The Role of 802.11b Wi-Fi in Home Networking

A screen shot showing a laptop, tablet computer, desktop computer, wireless router, and two phones connected to the World Wide Web.
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The 802.11b standard was the first Wi-Fi wireless network communication technology to gain mass adoption with consumers. It is one of many Institute of Electrical and Electronics Engineers (IEEE) standards in the 802.11 family. The 802.11b technology was replaced by the newer, faster 802.11g, 802.11n, and 802.11ac Wi-Fi standards.

History of 802.11b Technology

Until the mid-1980s, the use of radio frequency space around 2.4 GHz was regulated by government agencies around the world. The U.S. Federal Communications Communication (FCC) initiated the change to deregulate this band, previously limited to industrial, scientific, and medical equipment (ISM). The goal was to encourage the development of commercial applications.

Building commercial wireless systems on a large scale requires some level of technical standardization among vendors. That's where the IEEE stepped in and assigned its 802.11 working group to design a solution, which eventually became known as Wi-Fi. The first 802.11 Wi-Fi standard, published in 1997, had too many technical limitations to be widely useful, but it paved the way for the development of a second generation standard called 802.11b.

802.11b was largely responsible for launching the first wave of wireless home networking. With its introduction in 1999, manufacturers of broadband routers such as Linksys began selling Wi-Fi routers alongside the wired Ethernet models they had been producing. Though these older products could be difficult to set up and manage, the convenience and potential demonstrated by 802.11b turned Wi-Fi into a huge commercial success.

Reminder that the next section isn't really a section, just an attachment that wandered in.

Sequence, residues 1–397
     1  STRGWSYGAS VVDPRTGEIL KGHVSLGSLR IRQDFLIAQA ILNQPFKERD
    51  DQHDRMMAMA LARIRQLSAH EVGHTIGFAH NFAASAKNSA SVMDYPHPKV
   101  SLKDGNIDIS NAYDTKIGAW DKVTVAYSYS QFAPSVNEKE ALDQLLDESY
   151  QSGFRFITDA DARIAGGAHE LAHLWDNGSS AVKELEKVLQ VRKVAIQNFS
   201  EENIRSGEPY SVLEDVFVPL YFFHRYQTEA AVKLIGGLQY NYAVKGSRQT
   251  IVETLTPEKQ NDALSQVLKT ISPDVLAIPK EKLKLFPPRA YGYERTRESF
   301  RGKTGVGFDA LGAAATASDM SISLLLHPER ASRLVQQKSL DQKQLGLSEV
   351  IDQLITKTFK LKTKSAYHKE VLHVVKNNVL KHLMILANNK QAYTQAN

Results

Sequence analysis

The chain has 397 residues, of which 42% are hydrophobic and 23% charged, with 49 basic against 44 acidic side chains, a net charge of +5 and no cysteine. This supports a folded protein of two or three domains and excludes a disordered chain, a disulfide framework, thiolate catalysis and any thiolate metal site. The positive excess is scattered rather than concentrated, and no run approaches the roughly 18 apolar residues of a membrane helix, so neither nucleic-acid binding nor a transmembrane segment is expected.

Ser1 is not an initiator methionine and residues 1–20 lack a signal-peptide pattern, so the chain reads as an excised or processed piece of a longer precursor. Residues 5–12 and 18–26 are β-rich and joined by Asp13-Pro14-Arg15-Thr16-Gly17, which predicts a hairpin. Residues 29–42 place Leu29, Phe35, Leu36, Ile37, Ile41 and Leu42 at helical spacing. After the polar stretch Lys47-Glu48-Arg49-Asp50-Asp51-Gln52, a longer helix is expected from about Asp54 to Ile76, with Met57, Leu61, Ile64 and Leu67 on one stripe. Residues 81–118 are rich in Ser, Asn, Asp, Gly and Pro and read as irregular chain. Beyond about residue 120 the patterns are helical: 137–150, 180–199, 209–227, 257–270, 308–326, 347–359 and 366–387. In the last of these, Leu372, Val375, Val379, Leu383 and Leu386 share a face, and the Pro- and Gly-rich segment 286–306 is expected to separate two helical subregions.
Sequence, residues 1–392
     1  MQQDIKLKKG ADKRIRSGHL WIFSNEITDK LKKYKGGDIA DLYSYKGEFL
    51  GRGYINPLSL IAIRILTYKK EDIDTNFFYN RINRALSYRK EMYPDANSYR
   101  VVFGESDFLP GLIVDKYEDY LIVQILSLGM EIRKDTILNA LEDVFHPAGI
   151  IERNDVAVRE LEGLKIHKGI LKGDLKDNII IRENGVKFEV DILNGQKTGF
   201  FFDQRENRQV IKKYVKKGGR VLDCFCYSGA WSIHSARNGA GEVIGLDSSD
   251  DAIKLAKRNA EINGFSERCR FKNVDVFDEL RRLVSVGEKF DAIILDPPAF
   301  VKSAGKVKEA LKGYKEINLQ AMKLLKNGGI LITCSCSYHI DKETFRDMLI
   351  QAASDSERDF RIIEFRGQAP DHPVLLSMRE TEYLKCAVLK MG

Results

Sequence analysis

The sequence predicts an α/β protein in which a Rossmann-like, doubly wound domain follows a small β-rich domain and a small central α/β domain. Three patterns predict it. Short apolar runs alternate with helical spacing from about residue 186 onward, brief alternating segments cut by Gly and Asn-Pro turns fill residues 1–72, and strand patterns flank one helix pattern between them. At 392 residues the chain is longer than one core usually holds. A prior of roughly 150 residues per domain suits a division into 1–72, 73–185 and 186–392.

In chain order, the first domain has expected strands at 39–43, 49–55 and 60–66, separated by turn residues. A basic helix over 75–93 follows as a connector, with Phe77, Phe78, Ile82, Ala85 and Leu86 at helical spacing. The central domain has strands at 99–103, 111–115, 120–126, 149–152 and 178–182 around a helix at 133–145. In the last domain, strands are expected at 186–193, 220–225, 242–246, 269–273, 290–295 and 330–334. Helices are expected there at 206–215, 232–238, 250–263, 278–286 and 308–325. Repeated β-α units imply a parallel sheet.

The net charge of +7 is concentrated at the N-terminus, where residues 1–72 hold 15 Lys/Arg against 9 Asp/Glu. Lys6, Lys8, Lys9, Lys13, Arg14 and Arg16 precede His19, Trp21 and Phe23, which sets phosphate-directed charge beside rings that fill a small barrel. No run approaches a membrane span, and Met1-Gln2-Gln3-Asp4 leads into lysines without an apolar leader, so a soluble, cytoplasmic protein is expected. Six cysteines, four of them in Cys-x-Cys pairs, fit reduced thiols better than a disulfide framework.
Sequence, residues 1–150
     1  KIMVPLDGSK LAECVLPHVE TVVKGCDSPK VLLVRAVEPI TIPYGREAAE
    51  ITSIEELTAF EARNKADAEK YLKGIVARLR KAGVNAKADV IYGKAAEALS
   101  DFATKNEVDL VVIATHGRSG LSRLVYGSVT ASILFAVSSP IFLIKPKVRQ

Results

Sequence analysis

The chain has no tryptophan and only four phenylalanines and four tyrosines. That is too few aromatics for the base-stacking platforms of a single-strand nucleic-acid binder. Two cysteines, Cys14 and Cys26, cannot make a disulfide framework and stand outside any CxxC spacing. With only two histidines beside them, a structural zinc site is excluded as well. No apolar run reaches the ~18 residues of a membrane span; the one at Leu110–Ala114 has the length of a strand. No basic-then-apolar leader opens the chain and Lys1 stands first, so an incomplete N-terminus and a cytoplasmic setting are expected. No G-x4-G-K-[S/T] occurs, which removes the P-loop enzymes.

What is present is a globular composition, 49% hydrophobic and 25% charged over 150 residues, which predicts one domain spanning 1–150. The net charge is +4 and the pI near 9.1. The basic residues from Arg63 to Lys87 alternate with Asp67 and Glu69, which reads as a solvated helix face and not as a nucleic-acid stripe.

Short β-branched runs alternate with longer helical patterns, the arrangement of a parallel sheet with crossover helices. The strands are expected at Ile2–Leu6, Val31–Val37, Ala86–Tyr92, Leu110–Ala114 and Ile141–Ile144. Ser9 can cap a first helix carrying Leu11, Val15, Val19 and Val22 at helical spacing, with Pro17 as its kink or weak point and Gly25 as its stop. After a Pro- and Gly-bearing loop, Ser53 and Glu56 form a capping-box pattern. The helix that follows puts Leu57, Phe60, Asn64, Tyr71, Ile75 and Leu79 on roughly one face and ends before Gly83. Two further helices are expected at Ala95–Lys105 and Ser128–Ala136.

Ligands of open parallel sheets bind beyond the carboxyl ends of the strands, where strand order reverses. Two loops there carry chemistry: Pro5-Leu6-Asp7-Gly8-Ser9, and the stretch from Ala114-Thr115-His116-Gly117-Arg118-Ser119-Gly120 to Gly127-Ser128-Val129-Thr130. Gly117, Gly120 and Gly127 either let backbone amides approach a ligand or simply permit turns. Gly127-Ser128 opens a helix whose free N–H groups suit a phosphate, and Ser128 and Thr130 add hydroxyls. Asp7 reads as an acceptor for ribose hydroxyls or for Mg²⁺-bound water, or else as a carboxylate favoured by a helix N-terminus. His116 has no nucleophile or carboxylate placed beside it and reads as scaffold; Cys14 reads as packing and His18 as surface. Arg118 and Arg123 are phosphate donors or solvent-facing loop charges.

802.11b Performance

802.11b connections support a theoretical maximum data rate of 11 Mbps. However, in common use, the technology didn't approach that speed. Its typical throughput speed under ideal conditions in a home network falls in the 4 to 5 Mbps range. Although rated comparable to traditional wired Ethernet (10 Mbps), 802.11b performs significantly slower than all the newer Wi-Fi and Ethernet technologies.

802.11b and Wireless Interference

802.11b transmits in the unregulated 2.4 GHz frequency range where it can encounter radio interference from other wireless household products such as cordless telephones, microwave ovens, garage door openers, and baby monitors.

802.11 and Backward Compatibility

Even the newest Wi-Fi networks still support 802.11b. That's because each newer generation of the main Wi-Fi protocol standards has maintained backward compatibility with all previous generations: For example,

  • 802.11g routers and access points support both G and B clients—called 802.11b/g networks.
  • 802.11n routers and access points support N, G, and B clients—802.11b/g/n networks.
  • 802.11ac routers and access points support AC, N, G, and B clients—802.11b/g/n/ac networks.

This backward compatibility feature has proven critical to the success of Wi-Fi, as consumers and businesses can add newer equipment to their networks and gradually phase out old devices with minimal disruption.